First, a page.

Whānau from Te Araroa and Te Wharekahika in the East Cape are at the centre of our new Karawhiua TV advertisement to encourage Māori to get vaccinated.
Ani Pahuru-Huriwai, Trustee of Te Aroha Kanarahi Trust, says the community is acutely aware of how devastating COVID-19 could be. The mass graves from the Spanish flu in local urupā are a constant reminder of the damage an epidemic can cause.
“We hold the memories in our mokopuna who carry names like Matekino, Materoa that serve as a reminder of the big illness, the long illness. If COVID came here, our community would be decimated. It’s a no brainer – vaccination is our best defence,” she says.
Local teacher, Kararaina Ngatai-Melbourne, has been at the heart of the mobilisation, making sure whānau have access to quality information about the vaccine and promoting its uptake and coordinating the people who starred in the advertisement.
“It’s my contribution. We are keeping our little town safe. What we do as individuals affects us all nationally and globally. Last year we looked after our pakeke and whānau in need who were struggling, who had lost their income. We just did all we could. The advertisement was just another part of that.
“We’ve had amazing feedback for the ad. We are very determined that COVID-19 doesn’t come here, and through the advert we hope to be 100% vaccinated,” Kararaina says.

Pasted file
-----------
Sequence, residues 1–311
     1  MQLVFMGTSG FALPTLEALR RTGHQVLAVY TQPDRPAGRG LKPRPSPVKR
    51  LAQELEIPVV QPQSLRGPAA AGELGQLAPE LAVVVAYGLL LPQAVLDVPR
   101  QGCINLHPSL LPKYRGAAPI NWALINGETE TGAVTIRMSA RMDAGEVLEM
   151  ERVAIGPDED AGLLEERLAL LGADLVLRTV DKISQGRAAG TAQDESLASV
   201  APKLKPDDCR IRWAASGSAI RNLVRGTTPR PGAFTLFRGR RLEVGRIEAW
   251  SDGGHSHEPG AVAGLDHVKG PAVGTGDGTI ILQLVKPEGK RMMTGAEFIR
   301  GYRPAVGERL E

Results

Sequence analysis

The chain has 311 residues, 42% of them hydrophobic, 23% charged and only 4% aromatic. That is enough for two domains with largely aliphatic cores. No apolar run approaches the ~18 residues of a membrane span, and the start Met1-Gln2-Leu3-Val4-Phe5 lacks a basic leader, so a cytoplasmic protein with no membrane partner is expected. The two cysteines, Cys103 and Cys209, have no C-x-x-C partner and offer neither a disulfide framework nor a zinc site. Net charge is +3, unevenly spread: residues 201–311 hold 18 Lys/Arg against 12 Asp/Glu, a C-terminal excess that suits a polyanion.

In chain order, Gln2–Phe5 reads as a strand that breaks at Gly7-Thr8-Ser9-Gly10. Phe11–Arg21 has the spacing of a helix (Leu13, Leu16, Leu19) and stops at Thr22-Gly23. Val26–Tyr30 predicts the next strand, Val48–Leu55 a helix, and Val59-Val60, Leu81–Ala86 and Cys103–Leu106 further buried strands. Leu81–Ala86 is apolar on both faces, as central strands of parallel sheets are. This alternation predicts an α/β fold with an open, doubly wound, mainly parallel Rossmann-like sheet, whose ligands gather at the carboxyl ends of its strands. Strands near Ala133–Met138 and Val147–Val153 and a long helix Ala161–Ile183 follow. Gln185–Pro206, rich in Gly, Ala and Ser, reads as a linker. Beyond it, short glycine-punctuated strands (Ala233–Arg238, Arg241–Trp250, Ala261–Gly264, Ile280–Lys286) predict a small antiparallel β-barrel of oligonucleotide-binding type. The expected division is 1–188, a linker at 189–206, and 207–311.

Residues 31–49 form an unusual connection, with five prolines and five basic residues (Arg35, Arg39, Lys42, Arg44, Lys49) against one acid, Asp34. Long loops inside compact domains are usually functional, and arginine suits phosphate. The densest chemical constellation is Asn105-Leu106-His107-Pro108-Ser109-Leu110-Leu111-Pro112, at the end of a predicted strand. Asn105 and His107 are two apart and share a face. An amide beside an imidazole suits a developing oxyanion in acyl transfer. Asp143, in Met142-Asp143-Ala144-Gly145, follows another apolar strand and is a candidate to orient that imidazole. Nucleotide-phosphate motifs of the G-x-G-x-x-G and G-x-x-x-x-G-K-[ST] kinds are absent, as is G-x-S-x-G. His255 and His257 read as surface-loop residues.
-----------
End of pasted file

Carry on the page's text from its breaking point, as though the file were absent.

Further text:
Her words are echoed in a series of social media videos that complement the ad. As Robin Hapeta puts it, “the nannies are doing it, the papas are doing it, aunties and uncles are doing it. It’s the way to protect yourself.”
The Karawhiua campaign, anchored by the website and supported by the first TV ad Ruthie’s story, was launched in May this year. It is estimated that more than a quarter of a million Māori adults viewed the ad.
The website provides a trusted source of information on the vaccine and where to get vaccinated, with over 75,000 visitors to date. Resources such as videos and posters are available for community organisations and others to customise and repurpose for their own local campaigns.
“Be a doer! Karawhiua” is led by Te Puni Kōkiri and co-delivered with Te Hiringa Hauora - Health Promotion Agency. Iwi and other Māori communications specialists inform the campaign strategy and content.